WOULDN’T IT BE WONDERFUL IF I COULD tell you that I succeeded in doing Modern Mrs. Darcy’s 2016 reading challenge?  The one I talked about here.

And wouldn’t it be equally wonderful if I were to write brief reviews of the 12 books I read, as I planned to do last January, vis-à-vis this annual challenge?

WELL, I DIDN’T READ ALL THE BOOKS that I thought I would because I got caught up in reading about politics online and in the newspapers, as one does when “fascism,” Merriam-Webster’s presumed word of the year, is knocking on the door.

So yes, I HAVE FAILED in my stated goal. But in the whole scheme of things I AM BETTER INFORMED about what matters now. So have I failed, or have I adapted?  

¯\_(ツ)_/¯

AND IT’S NOT LIKE I DIDN’T READ any books at all, meaning that I can still share with you, my gentle readers, a few books, written by new-to-me authors, whose thoughts and style made for interesting reading.

Thus, without further ado, moving beyond the foregoing flapdoodle and twaddle, what I want to tell you is: here are three books I read in 2016 and enjoyed.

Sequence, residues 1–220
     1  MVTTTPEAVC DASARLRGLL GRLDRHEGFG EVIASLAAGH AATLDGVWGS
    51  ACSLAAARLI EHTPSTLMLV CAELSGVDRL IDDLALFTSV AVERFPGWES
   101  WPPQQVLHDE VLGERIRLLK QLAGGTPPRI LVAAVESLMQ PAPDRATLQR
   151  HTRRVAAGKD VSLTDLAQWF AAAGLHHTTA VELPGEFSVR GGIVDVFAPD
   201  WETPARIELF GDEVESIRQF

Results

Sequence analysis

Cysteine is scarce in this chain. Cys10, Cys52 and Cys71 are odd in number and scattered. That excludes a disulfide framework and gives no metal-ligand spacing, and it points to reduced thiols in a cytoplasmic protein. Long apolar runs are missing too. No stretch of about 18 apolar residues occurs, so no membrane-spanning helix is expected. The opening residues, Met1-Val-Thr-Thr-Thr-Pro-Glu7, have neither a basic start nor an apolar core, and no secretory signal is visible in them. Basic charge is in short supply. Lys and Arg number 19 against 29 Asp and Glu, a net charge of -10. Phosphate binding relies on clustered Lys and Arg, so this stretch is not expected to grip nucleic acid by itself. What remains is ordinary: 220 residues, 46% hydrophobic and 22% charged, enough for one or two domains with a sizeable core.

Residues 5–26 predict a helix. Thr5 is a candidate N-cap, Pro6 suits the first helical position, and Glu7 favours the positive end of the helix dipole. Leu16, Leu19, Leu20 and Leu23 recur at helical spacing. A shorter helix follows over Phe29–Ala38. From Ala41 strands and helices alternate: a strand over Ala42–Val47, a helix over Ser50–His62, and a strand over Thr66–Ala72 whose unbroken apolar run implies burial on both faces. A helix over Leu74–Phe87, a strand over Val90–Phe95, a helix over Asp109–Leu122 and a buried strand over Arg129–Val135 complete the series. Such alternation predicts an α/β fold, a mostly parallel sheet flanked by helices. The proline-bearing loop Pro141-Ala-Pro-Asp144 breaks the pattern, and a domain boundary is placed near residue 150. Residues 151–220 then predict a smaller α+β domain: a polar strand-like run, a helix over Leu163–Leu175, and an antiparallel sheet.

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#1

The Secret Keeper by Kate Morton

This is a story about identity, the shifting nature of it, and the implications of learning someone is not who they say they are.  The story moves seamlessly among three different eras: present day England, 1960s England, and WWII London.  I found the characters compelling, the plot fascinating, and the settings atmospheric.

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#2

Faith Bass Darling’s Last Garage Sale by Lynda Rutledge

This is a story, that is more charming than it sounds on the surface, about a rich older woman with Alzheimer’s who lives in a small town.  One day she decides to sell her stuff and the town goes bonkers as she unloads her possessions, each of which has a story of its own to tell.  There is drama and familial tension, of course, but the real subject of this novel is: do we own our stuff or does it own us?

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#3

Heart in the Right Place by Carolyn Jourdan

This is a delightful memoir that I couldn’t put down.  In it the author, a lawyer practicing in DC, talks candidly and hilariously about her experiences as a temporary receptionist for her father’s medical practice in rural Tennessee.  She does this to help her family through a difficult time, spending a year working for her father, and in the process learns about true heroes, batshit crazy small town people, and what is important in life.

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QUESTION OF THE DAY

Have you, like me, failed to read all the books that you thought you would read this year? If so, how do you feel about it? If not, please tell us how you accomplished your reading goals. No doubt we all could benefit from your wisdom.